Is the clinical trial system an anomaly in an era when we can collect almost unlimited data about the experiences of many different groups of patients? The New York Times isn’t going quite that far but an opinion piece in last Sunday’s Review section points out that randomised clinical trials often seem like a lottery. The group of people participating is normally atypically young with far fewer complications than real patients. It’s also true that if you ask the question often enough, random chance means that you will occasionally get a “yes”.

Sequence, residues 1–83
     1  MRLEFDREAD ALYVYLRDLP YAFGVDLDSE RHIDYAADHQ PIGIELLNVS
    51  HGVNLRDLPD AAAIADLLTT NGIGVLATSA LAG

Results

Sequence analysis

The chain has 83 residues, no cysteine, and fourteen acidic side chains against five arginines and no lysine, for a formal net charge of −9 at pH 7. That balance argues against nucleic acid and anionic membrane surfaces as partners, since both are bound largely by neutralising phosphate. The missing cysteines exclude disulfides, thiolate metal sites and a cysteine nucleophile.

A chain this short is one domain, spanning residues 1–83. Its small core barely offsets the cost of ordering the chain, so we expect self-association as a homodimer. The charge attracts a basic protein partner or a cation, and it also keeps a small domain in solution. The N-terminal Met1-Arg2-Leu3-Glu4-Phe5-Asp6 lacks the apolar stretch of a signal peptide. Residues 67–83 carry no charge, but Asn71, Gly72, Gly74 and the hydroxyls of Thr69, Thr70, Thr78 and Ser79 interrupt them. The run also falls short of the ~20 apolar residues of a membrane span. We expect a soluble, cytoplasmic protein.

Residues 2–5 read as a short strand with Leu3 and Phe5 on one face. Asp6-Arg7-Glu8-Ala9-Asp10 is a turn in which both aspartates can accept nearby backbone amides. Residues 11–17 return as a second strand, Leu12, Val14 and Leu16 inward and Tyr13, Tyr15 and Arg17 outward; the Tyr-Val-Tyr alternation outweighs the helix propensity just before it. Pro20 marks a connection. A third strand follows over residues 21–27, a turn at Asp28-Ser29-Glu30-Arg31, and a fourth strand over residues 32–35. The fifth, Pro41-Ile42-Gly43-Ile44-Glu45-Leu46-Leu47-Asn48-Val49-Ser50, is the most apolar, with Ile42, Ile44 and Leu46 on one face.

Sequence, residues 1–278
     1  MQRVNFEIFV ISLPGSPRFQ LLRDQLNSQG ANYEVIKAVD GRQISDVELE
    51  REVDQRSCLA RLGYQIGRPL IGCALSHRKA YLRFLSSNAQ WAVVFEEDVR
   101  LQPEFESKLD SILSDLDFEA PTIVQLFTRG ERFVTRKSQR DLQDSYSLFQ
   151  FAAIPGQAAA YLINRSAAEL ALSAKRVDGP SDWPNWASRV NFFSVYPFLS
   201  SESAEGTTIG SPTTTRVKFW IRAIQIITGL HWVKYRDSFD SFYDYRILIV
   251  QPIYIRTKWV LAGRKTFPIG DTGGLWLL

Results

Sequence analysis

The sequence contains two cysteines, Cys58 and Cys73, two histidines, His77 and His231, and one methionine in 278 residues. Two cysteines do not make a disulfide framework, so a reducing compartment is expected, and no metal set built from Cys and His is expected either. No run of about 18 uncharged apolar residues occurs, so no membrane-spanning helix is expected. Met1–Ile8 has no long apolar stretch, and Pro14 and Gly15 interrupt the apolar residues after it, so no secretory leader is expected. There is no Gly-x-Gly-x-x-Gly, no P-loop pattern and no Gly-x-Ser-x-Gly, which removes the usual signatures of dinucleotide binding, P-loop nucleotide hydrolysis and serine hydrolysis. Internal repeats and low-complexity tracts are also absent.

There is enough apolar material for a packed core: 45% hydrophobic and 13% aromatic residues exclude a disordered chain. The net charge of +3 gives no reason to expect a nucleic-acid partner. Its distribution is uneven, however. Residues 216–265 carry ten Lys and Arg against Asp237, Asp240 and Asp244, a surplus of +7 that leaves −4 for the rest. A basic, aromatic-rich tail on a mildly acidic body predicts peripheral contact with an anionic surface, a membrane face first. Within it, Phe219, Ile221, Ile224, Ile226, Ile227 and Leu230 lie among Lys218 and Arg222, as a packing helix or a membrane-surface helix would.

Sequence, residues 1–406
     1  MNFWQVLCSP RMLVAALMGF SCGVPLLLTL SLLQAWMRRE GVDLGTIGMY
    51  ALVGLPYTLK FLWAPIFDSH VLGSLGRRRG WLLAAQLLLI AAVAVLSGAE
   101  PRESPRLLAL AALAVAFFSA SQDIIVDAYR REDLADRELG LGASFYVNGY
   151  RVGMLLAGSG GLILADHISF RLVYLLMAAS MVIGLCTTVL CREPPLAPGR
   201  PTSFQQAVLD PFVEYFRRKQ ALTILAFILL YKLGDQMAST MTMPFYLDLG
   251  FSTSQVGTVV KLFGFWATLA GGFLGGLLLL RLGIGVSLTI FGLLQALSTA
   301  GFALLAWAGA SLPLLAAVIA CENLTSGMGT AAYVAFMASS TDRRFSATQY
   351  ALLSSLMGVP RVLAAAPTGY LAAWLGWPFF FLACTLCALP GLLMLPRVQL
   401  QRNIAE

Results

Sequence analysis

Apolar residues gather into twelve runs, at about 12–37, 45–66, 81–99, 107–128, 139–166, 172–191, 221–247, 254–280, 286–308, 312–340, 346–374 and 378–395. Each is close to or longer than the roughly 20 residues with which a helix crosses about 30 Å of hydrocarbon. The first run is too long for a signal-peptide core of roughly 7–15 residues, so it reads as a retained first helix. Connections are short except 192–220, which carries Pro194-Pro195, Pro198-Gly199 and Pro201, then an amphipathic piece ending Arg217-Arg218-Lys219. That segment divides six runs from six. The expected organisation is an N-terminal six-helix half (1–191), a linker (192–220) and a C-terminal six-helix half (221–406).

We often don’t know why a medicine works so it’s not really always clear which sub-groups of patients will benefit. As the piece says, “Researchers are coming to understand just how individualized human physiology and human pathology really are. On a genetic level, the tumors in one person with pancreatic cancer almost surely won’t be identical to those of any other. Even in a more widespread condition like high cholesterol, the variability between individuals can be great, meaning that any two patients may have starkly different reactions to a drug.”

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